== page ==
The Excessive Concern Regarding Cost And Health Care Reform

Kirsten Powers has an op-ed in The New York Post making the same argument I’ve made here several times with regards to cost and health care.

What will health-care reform cost?

This question has become the obsession distracting us from the moral imperative to provide health care to all Americans.

The richest, most powerful, most amazing nation in the world should treat its citizens who fall ill better than some broken Third World country. If we can afford to try to rebuild Afghanistan with little hope of success, then arguing about paying for Americans to have health coverage seems petty.

Yet no topic has gotten more ink during the health-care debate than cost.

Just like the Iraq war debate where everyone was up in arms about how it was going to cost us billions of dollars a year. . . . Oh, wait — that never happened.

Obviously we must consider the cost, but whether a bill is deficit neutral should not be the sole question. We do not make being deficit neutral a requirement with most government spending. The wars in Iraq and Afghanistan are not deficit-neutral. Conservatives ignored Congressional Budget Office estimates when they backed the Iraq war. We should not be emphasizing their reports so much with regards to health care reform.

If we justified the wars because of the belief that American lives were at stake, an even stronger argument can be made that lives are at stake if we continue to have large numbers of Americans who are uninsured or underinsured:

The nonpartisan Institute of Medicine, the health arm of the National Academy of Sciences, estimated in 2002 — when fewer Americans were uninsured than are today — that 18,000 adults age 25-64 died in 2000 because they were uninsured. Based on the IOM’s methodology and later Census Bureau estimates of insurance coverage, the Urban Institute finds that from 2000 to 2006, 137,000 people died due to lack of health insurance — 22,000 in 2006 alone.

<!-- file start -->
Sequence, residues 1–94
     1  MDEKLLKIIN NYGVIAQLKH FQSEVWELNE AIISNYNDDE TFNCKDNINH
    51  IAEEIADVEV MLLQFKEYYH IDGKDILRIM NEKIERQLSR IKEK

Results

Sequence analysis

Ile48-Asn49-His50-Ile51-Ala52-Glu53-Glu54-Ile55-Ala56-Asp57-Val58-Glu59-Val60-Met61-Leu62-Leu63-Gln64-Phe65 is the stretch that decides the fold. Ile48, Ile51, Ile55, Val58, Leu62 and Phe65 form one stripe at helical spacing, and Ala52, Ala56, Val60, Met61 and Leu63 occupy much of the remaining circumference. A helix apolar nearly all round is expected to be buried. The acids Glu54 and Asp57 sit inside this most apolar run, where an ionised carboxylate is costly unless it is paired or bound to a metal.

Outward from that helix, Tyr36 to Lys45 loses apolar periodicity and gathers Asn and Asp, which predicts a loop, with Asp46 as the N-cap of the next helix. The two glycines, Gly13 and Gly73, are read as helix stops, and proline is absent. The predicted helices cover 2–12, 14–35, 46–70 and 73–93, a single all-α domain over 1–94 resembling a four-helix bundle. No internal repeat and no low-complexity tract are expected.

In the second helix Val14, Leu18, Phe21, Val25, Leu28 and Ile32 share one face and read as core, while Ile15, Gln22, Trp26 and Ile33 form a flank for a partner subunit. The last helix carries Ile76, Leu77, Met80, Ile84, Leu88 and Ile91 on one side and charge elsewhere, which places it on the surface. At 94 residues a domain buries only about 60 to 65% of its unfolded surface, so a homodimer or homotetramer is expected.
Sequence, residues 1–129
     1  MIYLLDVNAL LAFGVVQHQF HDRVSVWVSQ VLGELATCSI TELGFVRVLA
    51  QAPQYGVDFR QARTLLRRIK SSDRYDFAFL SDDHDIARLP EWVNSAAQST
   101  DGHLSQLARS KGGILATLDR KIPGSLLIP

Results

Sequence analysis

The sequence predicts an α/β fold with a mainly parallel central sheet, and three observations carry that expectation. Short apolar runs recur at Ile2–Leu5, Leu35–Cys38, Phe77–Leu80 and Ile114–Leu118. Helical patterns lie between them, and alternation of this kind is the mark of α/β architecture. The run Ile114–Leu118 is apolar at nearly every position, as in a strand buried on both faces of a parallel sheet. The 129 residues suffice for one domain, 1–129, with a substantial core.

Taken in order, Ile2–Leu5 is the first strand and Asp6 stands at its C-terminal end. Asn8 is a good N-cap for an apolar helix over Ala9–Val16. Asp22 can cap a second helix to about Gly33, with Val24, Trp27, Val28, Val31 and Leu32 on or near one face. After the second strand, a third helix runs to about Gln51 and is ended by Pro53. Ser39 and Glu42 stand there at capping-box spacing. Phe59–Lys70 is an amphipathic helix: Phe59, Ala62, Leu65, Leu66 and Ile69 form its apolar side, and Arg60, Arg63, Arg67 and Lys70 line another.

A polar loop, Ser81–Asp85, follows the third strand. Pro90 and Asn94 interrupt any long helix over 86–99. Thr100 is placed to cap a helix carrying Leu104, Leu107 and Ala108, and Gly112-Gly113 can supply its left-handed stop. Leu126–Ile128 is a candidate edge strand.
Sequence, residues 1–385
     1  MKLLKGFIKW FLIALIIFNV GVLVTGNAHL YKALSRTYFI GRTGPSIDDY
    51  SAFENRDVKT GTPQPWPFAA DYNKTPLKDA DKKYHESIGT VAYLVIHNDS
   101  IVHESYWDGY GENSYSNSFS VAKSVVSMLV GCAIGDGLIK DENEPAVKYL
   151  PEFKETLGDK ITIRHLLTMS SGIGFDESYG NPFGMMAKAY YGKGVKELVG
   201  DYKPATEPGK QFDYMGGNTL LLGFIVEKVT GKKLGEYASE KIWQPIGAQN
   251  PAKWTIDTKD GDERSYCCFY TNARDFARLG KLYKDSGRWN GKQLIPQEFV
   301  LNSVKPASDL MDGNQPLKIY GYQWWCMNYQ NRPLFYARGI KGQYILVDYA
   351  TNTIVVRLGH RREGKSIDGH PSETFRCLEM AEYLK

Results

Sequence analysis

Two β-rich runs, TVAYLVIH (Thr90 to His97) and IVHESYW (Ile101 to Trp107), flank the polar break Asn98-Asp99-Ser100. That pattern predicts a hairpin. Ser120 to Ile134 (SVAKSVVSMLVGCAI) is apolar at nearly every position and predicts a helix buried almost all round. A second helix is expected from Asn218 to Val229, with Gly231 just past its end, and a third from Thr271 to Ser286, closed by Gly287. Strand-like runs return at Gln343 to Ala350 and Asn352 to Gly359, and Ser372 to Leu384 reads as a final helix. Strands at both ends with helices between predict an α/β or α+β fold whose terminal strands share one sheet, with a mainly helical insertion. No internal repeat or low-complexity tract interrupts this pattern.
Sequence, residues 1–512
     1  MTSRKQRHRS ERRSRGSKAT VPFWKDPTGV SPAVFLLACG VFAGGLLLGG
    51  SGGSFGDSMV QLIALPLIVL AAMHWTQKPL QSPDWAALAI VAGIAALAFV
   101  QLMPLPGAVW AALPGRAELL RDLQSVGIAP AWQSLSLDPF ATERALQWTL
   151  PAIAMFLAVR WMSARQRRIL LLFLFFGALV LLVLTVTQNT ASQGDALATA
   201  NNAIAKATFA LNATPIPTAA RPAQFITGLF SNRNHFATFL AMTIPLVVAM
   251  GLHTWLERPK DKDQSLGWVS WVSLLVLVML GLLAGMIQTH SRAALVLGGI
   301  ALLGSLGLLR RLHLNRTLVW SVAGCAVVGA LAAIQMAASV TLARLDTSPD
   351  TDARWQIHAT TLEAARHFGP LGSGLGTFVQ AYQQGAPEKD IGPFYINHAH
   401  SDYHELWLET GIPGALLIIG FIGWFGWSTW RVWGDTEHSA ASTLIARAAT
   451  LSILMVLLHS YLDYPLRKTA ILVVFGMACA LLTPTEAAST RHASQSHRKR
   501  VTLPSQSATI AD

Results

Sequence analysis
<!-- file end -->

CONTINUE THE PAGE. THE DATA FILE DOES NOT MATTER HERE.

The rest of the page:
A Harvard study published in the November issue of Archives of Surgery found that uninsured patients with traumatic injuries (like car crashes, falls and gunshot wounds) were almost twice as likely to die in the hospital as similarly injured patients with health insurance.

Elmer Huerta, oncologist and the president of the American Cancer Society, says the uninsured are twice as likely as the insured to have advanced cancer when they first see a doctor. And if you don’t catch cancer early, things rarely turn out well.

Sometimes government spending is a waste of money. Other times the money spent might be better spent in other ways. Expanding health care coverage, and guaranteeing that those who are insured will not lose their coverage, is a positive benefit, and it even saves lives. Rather than looking at how cheaply we can provide health care reform, this is one area where it actually makes sense to spend a little money.

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